Group Fights Governor's Day of Prayer
HOUSTON (CN) - The Freedom From Religion Foundation wants Gov. Rick Perry enjoined from leading a prayer rally at the 71,000-seat Reliant Stadium on Aug. 6, saying it would violate the First Amendment's Establishment Clause.
The nonprofit plaintiff claims more than 16,000 members nationwide, "who are opposed to governmental establishment and endorsement of religion," according to the federal complaint co-signed by five of its Houston members.
"Governor Perry has declared August 6, 2011 as an official Day of Prayer and Fasting, a day on which all citizens are expressly encouraged by Governor Perry to pray to Jesus Christ; the Day of Prayer and Fasting has been declared by the Governor to coincide with the prayer rally," the complaint states.
"The prayer rally organized by Governor Perry at Reliant Stadium is intended for believers of the Christian faith and persons who are open to conversion; the prayer rally, more particularly, is intended for evangelical Christians."
Perry has promoted and endorsed the prayer rally "in his capacity as governor and has included visible indicia of official state sponsorship, including the use of the Official State Seal of Texas in promotions," the foundation says.
To promote the event, Perry, who is mulling a presidential run, teamed up with the American Family Association, "an organization that advocates and promotes a rabid evangelical Christian agenda that is hostile to non-believers, non-Christians, and other protected groups, including gays and lesbians," the complaint states.
The foundation calls the American Family Association a "virulent, discriminatory and evangelical Christian organization known for its intolerance."
The foundation adds: "Governor Perry is using his Office as Governor of Texas to receive for his benefit the financial underwriting of the American Family Association. The support from the American Family Association, by underwriting the August 6 prayer rally, allows the governor to reflect in the limelight of American Family Association's overt Christianity and disdain for other groups, including non-believers and non-Christians. Governor Perry, by his preferential endorsement of the American Family Association, conveys a message of support, using his official status as governor for the endorsement of religion."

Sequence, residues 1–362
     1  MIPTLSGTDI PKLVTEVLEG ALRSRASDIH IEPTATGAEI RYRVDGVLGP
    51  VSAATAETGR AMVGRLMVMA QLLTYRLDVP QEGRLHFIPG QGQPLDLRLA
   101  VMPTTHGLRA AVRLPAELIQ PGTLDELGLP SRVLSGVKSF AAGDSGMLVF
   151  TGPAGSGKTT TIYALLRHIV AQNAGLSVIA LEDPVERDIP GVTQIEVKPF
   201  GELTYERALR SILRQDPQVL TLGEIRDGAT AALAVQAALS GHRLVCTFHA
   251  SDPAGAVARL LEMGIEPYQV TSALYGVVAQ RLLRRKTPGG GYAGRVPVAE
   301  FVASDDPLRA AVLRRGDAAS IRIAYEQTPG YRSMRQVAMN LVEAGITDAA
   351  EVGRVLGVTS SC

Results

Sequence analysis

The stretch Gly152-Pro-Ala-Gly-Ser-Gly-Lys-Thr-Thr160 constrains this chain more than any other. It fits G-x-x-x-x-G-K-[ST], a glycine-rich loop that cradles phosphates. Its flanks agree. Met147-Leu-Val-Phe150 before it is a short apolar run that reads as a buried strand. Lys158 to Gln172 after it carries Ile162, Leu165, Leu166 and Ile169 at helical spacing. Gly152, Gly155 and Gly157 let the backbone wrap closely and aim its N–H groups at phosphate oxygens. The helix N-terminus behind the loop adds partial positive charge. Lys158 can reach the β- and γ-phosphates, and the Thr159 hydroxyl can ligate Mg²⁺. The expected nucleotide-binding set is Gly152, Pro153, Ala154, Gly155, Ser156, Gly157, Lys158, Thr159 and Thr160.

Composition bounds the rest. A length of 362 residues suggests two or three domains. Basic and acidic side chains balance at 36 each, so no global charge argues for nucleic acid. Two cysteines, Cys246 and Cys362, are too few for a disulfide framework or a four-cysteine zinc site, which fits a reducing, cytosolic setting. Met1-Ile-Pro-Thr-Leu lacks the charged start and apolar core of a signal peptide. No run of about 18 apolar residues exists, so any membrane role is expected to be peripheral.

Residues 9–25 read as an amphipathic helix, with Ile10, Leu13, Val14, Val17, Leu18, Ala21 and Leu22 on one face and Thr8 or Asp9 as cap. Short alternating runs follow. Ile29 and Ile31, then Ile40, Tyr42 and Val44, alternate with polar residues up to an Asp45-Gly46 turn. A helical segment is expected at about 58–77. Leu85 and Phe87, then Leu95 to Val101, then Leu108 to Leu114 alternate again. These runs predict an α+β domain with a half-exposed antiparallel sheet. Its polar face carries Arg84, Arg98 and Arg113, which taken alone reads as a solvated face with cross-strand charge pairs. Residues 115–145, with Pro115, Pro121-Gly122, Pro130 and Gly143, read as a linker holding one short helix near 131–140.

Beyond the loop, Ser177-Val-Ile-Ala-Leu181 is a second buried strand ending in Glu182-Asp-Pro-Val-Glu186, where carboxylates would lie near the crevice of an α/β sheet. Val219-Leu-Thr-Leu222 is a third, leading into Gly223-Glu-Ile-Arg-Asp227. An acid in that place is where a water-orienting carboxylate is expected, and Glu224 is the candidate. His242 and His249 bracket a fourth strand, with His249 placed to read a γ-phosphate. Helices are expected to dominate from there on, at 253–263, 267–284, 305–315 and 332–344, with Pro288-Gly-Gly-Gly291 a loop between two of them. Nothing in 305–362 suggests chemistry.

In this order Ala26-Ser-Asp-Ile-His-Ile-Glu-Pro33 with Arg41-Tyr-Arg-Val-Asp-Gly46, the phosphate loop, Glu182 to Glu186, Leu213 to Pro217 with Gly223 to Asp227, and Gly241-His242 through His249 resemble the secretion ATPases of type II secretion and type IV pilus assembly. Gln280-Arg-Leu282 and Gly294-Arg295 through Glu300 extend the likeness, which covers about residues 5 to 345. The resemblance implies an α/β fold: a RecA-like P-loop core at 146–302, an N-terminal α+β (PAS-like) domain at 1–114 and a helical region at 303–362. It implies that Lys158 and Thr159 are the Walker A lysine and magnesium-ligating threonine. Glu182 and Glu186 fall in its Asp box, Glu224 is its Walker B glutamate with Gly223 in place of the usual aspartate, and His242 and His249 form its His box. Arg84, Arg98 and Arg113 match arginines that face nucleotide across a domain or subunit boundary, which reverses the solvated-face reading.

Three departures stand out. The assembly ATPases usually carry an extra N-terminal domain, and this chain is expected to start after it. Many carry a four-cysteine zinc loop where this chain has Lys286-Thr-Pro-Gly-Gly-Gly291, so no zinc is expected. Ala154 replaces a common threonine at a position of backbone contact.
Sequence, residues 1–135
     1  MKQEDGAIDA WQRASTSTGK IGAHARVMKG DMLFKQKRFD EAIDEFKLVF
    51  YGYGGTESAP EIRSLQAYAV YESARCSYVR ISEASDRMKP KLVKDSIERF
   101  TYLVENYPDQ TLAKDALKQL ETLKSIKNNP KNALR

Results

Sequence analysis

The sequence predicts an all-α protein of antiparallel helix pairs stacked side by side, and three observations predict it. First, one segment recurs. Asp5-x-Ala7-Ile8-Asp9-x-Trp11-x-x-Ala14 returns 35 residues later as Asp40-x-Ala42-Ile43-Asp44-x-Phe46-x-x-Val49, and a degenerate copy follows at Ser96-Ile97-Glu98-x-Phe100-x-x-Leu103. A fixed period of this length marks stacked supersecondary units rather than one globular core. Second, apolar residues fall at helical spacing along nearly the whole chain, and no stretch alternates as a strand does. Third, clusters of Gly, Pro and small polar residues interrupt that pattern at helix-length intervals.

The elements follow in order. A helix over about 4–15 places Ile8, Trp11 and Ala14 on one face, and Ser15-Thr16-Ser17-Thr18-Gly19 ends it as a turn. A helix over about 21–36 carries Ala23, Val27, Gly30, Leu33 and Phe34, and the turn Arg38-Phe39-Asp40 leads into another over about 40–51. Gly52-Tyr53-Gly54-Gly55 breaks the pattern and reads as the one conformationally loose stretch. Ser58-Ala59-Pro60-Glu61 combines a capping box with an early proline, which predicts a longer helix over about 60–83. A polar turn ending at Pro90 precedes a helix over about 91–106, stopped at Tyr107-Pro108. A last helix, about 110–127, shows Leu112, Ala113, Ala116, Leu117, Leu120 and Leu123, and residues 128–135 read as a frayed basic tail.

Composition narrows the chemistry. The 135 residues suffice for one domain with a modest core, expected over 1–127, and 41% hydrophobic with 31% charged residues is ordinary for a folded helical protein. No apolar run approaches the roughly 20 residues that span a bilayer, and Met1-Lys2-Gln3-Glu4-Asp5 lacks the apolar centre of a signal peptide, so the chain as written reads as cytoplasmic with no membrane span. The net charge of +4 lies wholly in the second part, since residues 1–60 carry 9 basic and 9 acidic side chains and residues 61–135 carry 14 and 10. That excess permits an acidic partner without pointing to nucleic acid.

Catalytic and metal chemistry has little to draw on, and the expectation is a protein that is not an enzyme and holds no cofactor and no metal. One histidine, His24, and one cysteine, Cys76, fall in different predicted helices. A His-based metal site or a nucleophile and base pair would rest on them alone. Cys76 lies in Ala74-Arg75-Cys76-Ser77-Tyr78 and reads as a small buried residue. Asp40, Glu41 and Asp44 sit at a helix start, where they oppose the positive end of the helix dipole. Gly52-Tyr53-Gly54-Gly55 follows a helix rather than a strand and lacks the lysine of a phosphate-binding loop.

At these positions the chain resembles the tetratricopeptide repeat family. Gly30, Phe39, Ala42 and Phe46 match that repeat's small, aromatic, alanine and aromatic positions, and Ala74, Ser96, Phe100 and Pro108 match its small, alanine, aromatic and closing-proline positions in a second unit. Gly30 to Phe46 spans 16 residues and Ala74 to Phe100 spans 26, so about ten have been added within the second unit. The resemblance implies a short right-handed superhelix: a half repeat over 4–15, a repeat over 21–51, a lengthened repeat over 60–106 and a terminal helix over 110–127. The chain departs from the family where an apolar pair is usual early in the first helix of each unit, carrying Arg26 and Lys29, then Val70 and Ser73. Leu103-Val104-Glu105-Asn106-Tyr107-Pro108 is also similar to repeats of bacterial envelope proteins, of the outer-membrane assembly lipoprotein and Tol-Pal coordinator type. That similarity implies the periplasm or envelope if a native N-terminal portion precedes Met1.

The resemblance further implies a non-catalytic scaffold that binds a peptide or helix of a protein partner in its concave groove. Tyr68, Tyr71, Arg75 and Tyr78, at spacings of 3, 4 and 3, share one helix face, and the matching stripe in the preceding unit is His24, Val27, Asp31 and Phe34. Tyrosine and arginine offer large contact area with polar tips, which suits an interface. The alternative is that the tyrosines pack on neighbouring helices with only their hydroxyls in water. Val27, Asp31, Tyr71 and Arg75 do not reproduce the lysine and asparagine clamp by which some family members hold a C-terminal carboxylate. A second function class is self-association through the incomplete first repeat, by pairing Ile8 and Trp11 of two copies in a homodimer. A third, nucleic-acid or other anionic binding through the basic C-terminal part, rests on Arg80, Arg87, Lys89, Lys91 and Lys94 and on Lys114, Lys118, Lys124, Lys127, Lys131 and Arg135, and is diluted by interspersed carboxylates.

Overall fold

The American Family Association has set up a website for the rally, which includes an open letter from Gov. Perry exhorting Christians to attend.
"The Houston Clergy Council, in fact, has issued a statement condemning Perry's proclamation of prayer and fasting, noting the American Family Association's anti-gay and anti-Muslim record, and saying, 'We ask that Rick Perry leave the ministry to us and refocus his energy on the work of governing our state,'" according to the complaint.
"The prayer rally orchestrated by Governor Perry violates the Establishment Clause by endorsing religion over non-religion, as well as by endorsing Christianity over non-Christian religions," the Freedom From Religion Foundation says.
The foundation seeks an "injunction prohibiting Governor Perry's further involvement in the scheduled prayer rally, as well as an injunction against future uses of official indicia of the State of Texas in promoting and proclaiming the establishment of religion."
It also seeks declaratory judgment that "Governor Perry's organization, promotion and participation in the August 6 prayer rally at Reliant Stadium is unconstitutional," and that his official proclamation of a Day of Prayer and Fasting and use of the Texas seal to promote the event violates the First Amendment's Establishment Clause.
And it wants Perry ordered to withdraw his permission for the American Family Association to use his written and videotaped promotions for the rally, and enjoined from issuing and disseminating more Day of Prayer proclamations.
The plaintiffs are represented by Randall Kallinen.